"It seems like a strange use of resources for the IRS to go in there and audit them because they would have to find a lot of adjustments to come up with any revenue that they are actually raising for the government," she said.

So on one hand, federal bank regulators are forcing banks to take these charge-offs; on the other hand, the IRS is second-guessing the regulators and the banks. "They (the IRS auditors) are coming along a year or two later and saying, 'No, we don't think that's a bad debt in 2010. Maybe it should not have been written off until 2011,'" Brandt said.

Brandt does not think this is inhibiting credit, but cited other factors that could be. Banks that are struggling are under regulatory orders to raise capital and have been ordered to get their capital up to 10% of their assets, and in this climate it's hard to find new investors. The alternative is to shrink the balance sheet because if assets and liabilities go down, that 8% might get up to 10% without new investment.

The other lending inhibitor, Brandt said, comes when banks are under orders to reduce their concentrations in certain types of loans – commercial real estate being the most common one.

Mark Meloy, CEO of First Business Bank, also does not see a correlation between the IRS's recent audit thrust and lending activity. "One thing I've learned about being in banking and running a bank is that when it comes to regulators, everyone's experience is a little bit different," Meloy said. "There are some common pieces to it, but banks can be impacted by perceptions, and sometimes they are impacted by reality.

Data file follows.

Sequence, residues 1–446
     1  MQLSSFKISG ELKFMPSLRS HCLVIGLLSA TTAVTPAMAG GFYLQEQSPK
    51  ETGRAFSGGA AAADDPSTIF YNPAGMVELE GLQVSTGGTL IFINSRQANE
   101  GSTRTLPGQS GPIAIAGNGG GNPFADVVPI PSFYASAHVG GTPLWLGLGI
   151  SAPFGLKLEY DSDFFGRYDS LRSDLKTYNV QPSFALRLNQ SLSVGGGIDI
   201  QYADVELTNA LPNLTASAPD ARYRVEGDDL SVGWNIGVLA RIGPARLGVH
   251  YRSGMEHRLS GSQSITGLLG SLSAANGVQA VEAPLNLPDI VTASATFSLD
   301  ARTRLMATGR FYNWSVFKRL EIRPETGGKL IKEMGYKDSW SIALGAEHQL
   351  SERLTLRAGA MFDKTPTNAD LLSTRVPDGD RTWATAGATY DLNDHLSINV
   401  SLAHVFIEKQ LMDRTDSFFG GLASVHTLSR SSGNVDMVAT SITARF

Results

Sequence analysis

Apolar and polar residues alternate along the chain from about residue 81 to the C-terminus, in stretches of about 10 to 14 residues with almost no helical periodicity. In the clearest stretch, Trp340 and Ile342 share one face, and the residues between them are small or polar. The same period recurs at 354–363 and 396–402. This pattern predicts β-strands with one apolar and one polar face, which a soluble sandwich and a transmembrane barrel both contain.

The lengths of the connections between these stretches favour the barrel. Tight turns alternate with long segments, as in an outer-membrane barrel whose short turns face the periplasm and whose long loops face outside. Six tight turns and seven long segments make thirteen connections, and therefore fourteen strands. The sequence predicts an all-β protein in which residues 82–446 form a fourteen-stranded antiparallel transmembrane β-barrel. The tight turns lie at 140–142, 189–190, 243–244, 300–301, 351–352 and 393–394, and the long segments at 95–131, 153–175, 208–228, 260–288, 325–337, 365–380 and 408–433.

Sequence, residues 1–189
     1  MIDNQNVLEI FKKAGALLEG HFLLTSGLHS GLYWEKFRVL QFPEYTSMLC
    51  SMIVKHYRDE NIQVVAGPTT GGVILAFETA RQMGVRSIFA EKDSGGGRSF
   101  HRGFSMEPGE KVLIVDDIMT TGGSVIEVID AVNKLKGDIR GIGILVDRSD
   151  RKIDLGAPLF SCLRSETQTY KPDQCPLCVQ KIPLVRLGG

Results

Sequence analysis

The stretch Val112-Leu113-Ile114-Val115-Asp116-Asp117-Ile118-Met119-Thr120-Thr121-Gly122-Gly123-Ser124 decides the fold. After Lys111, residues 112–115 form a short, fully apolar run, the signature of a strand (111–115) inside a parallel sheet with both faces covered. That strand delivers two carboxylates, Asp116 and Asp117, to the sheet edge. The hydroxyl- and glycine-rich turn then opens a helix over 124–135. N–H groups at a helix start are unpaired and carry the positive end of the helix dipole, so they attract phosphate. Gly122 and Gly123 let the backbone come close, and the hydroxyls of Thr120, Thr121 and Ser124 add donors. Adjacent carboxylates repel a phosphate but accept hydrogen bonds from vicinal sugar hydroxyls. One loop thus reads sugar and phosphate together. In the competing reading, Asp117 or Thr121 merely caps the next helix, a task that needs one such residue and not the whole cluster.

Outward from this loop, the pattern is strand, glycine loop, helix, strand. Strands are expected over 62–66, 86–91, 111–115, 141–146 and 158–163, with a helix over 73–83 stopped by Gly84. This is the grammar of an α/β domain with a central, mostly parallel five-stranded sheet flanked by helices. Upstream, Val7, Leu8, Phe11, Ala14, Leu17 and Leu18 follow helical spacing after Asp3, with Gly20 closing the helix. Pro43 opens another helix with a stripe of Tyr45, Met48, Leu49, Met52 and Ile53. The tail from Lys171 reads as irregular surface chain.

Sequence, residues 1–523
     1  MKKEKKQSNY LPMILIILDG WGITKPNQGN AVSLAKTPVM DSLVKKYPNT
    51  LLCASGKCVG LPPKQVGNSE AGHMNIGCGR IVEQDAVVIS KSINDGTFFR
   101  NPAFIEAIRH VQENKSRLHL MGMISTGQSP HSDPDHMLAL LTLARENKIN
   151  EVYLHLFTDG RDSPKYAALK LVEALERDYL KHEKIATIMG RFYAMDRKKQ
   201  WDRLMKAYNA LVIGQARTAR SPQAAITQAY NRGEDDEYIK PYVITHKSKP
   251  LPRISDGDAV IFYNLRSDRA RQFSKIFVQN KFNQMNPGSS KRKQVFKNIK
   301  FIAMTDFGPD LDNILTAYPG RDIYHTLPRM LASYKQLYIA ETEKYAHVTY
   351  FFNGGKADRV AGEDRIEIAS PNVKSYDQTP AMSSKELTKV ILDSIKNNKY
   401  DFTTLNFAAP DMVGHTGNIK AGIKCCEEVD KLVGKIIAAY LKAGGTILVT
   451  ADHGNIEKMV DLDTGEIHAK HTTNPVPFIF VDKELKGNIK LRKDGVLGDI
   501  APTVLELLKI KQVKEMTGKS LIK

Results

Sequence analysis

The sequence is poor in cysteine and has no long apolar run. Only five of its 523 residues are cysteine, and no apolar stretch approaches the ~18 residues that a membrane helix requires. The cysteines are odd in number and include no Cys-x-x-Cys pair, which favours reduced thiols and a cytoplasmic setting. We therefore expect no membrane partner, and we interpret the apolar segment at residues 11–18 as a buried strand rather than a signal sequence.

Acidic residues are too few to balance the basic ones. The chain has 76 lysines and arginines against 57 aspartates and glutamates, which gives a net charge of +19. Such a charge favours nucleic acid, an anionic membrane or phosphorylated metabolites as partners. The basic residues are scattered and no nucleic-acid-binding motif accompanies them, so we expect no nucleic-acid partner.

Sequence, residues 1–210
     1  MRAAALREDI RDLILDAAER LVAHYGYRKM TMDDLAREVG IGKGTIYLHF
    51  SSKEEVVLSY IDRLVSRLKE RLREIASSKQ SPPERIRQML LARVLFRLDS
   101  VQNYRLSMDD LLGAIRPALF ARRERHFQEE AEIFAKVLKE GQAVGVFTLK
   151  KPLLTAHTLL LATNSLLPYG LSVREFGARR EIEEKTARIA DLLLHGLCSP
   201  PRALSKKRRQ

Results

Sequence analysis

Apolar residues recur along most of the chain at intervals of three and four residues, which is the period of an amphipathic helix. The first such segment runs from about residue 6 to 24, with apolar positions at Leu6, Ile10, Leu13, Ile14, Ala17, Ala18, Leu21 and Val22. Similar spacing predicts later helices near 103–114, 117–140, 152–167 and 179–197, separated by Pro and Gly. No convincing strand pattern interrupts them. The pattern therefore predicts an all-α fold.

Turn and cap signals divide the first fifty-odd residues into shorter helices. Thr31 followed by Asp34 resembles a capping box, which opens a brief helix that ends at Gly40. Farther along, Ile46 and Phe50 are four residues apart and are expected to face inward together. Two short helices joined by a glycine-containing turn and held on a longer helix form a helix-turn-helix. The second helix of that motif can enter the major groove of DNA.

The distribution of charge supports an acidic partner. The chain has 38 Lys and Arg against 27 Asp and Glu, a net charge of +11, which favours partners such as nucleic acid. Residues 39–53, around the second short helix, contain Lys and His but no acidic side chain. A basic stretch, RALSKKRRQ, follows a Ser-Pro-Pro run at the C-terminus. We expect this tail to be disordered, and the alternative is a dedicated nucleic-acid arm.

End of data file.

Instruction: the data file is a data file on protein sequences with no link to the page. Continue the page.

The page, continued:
Sometimes they are impacted by where the regulators are in the discovery related to the hot topic of the time, whether it's appraisals or global cash flow.

"The regulators go through their training, they get their internal directives and sometimes it's a hot-off-the-press, big issue and they overemphasize it. Sometimes it is intense at the first few banks, and then it moderates. Like any other big organization, it's learn as they go, so you try to let level heads and common sense prevail. Most of the time, eventually, they do."